He was an 18-year-old private first class on Sept. 15, 1944, when the 1st Marine Division attacked the Japanese on the island of Peleliu, midway between Guam and the Philippines.
Now 85 and living in
We went in to Peleliu on a landing craft. It was exciting, and I was eager -- until I got there and saw what happens when you run into an enemy that was making sure you didn't get ashore.
When I saw guys I trained with for weeks all blown away, I realized what I was in on.
The Japanese had pillboxes set up all along the beaches and had you focused in as the barges came in. They were dropping mortars, everything. Some were landing right on the boats. You had to climb over the side to get off, and that's when the Japanese would zero in on you.
I didn't believe it at first, but after a while I realized I might be one of those that wouldn't make it.
On the beach, I saw friends that I was with a long time. I saw them not there anymore. I saw a lot of wounded, really torn to pieces. It was almost like looking at a movie, but I knew it was real.
For some reason, I was spared and was able to push on.
I came ashore with just an M-1 rifle. As the fellas you were trained with got wiped away, you'd fill in with another weapon. They'd call you forward with mortars or machine guns. I fired the bazooka, the .30-caliber machine gun, the .50-caliber machine gun -- and the flamethrower. We had a Ka-Bar knife that we carried in our leggings. I used it to open C-ration cans and to do stuff I don't want printed. And I had a bayonet but never used it.
We pushed as far ahead as we could, then they gave you a certain time as to when you started digging in for the night.
It was digging into coral.
On your knapsack you had an entrenching tool. It was a shovel that folded up and became a pick. And you'd dig into this coral to get this little dip so you wouldn't be above the ground when the Japanese fired at you at night.
You were usually two in a foxhole, because with one it was a pretty eerie feeling at night on a strange island where you couldn't dig in. The holes were maybe 6 or 8 feet apart. As the men were wiped away -- and reinforcements were few and far between -- they had one man in a foxhole and they started moving you farther apart, and that got a little scary.
The Japanese would have banzai charges at night, and they'd come charging in banging on tin cans, anything they could bang on, to scare you and try to get into your foxhole. On one occasion, they came charging into our area and I shot one who was maybe a rifle length away.
The next morning you'd see a guy you were with the night before, and he'd have half his arm blown off. And the only thing you had to help him was little packets in your first-aid kit -- sulfa powder -- and you just dumped those on the wound and got him back to a hospital ship.
The heat was unimaginable, with hundreds and hundreds of bodies rotting, maggot-infested.
That's what it smelled like.
You came ashore, if you were lucky, with two canteens of water. After you ran out of water, you'd see these shell holes with water in them and bodies floating there, Japanese. Your packs had halazone tablets. Supposedly two in a canteen of water purified that shell-hole water to drink. After maybe the fifth day, they got tankers in and you'd go back to the beach and get refills.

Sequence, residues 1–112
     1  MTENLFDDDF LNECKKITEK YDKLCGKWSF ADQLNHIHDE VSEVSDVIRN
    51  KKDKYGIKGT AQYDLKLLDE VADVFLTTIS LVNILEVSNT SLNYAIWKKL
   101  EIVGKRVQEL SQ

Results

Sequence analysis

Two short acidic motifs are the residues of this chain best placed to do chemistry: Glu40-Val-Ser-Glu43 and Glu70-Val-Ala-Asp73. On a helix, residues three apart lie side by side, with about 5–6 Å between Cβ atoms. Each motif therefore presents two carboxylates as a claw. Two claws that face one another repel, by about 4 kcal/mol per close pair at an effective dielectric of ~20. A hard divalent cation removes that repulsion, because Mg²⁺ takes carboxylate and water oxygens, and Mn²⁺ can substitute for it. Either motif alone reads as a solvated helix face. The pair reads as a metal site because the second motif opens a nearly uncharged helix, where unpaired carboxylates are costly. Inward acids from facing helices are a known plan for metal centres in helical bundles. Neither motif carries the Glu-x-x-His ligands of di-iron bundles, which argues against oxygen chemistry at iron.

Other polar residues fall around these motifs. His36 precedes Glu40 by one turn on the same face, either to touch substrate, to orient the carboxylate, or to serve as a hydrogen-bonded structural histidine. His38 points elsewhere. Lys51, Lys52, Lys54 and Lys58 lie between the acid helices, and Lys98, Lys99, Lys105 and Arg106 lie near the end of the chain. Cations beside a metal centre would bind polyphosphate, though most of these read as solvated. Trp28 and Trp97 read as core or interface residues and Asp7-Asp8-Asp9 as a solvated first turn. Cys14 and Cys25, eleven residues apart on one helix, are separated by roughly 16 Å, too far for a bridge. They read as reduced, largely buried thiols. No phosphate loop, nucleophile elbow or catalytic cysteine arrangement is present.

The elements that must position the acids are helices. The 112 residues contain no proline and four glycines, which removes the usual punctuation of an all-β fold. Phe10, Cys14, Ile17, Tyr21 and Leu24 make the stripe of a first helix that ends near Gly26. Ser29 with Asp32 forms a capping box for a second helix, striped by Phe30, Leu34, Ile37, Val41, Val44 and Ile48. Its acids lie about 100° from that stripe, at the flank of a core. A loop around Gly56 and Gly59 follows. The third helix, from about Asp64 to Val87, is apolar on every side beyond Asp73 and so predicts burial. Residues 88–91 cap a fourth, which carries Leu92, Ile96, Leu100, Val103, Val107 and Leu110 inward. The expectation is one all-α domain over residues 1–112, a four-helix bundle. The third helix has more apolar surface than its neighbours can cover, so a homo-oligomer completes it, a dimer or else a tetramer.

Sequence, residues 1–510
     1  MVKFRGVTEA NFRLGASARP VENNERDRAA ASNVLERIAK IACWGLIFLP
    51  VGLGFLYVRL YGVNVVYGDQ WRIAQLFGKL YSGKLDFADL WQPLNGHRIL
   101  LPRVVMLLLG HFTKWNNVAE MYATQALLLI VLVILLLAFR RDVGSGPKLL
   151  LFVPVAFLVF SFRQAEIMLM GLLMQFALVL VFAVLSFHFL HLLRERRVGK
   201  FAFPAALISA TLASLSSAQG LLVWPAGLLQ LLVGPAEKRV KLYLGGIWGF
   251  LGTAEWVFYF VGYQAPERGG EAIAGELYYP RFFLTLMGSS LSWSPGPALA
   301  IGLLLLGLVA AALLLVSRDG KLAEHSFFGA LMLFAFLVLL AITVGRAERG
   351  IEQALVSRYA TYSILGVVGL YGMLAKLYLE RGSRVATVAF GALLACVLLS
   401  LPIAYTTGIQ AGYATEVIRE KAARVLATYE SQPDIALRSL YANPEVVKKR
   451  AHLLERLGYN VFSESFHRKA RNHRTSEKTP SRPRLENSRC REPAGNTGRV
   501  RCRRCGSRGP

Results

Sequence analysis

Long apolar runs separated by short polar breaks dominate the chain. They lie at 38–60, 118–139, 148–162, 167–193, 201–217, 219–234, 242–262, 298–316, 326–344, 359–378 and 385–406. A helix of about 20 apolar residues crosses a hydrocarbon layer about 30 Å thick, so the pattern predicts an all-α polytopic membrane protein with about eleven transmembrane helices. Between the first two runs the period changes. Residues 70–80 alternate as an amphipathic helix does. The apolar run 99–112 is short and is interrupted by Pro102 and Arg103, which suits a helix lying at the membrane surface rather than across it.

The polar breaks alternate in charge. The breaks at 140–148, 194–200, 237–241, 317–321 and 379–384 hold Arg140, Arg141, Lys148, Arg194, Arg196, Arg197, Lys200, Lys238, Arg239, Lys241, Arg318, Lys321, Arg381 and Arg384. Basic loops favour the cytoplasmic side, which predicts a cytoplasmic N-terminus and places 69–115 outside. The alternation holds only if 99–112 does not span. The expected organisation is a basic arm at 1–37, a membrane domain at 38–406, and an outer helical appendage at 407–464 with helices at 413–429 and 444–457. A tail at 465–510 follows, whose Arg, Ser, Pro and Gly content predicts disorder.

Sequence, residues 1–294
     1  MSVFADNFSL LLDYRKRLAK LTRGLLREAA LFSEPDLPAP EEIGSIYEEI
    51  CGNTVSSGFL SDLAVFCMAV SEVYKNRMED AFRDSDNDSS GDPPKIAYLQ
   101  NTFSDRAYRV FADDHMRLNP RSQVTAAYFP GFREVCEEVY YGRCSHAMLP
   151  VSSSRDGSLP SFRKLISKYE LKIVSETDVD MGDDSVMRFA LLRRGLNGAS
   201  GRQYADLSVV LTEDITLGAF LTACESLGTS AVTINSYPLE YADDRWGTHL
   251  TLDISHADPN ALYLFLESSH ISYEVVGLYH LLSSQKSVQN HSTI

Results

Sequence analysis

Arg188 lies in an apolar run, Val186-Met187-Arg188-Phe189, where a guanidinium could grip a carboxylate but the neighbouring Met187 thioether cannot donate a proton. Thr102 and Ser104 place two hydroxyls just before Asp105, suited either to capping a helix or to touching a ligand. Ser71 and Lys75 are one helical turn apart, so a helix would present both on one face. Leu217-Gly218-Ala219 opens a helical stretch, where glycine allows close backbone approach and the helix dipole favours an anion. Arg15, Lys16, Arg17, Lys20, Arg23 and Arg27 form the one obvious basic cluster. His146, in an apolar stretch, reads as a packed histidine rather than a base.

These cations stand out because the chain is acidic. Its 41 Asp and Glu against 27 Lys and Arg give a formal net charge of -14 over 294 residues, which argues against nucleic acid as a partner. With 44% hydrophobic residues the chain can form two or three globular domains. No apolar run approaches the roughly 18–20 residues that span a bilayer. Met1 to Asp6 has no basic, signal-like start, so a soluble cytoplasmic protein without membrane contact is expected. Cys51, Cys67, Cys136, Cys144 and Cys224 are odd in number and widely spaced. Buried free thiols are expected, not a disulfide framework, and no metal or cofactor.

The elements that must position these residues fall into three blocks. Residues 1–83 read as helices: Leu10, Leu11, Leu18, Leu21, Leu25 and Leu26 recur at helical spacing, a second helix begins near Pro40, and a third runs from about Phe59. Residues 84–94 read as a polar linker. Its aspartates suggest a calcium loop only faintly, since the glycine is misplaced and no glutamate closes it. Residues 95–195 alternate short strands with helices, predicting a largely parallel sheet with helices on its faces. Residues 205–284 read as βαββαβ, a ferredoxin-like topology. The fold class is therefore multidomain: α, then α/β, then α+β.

I was in L Company, 3rd Battalion, 5th Marine Regiment. There was a cave on Peleliu where the Japanese had us stopped. It had to be some kind of office for Japanese troops. There was a huge rock in front of it. They had a Nambu machine gun -- the fastest-firing weapon the Japanese had -- in front of the cave. I got the machine-gunner with the flamethrower. He was one guy who wasn't going to go back and tell any stories.
Then I laid the flamethrower on top of the rock and put a burst in the cave. What the flamethrower does is dry up all the oxygen and wipes you completely out. It takes your skin off down to the bone. Nothing left. No matter who was in there, how many, they were gone.
I didn't hear much screaming. Everyone that was inside the cave was fried.
One guy got brave. He was ahead of the flame, just behind the rock, and he took off after I shot the burst. He ran by me, heading for an old shell crater with water in it. As he went by me, I let him have a spurt. He was screaming for a little bit.
I made sure he was dead.
Parks, one of 11 children, got through the battle on Peleliu and later Okinawa without injury. His brothers Frank and Warren, both Marines, and Harry, a sailor, also got through the war unharmed.
Stanley Parks went on to serve with occupation troops in China for about six months before coming home.
An inactive reservist, he was called to duty during the
"Waste of time," he said, because he merely tended a generator that lighted officers' tents in Puerto Rico.
Another of his brothers, Edwin, served in the Army during the Korean War. Later, his brother William was a Marine stateside, and his brother Robert served in the Army in peacetime Germany.
Their father was business manager of the International Brotherhood of Electrical Workers. Stan worked as an electrician for IBEW Local 375. He met Barbara Kach at the Arena Gardens skating rink in south Allentown and they were married in 1955. They have three sons: Gregg, an Army veteran; Kevin; and Todd, an Air Force lieutenant colonel soon to be a colonel.
Eugene Sledge served in Parks' battalion, wrote "With the Old Breed: At Peleliu and Okinawa" and was portrayed in the HBO series "The Pacific." Reminded that Sledge thought he was going to lose his mind on Peleliu, Parks said:
"Well, I beat him to it. I went crazy on there. Things that happened, things you saw, like people blown away."
Still, Parks said his training and his youth helped him endure.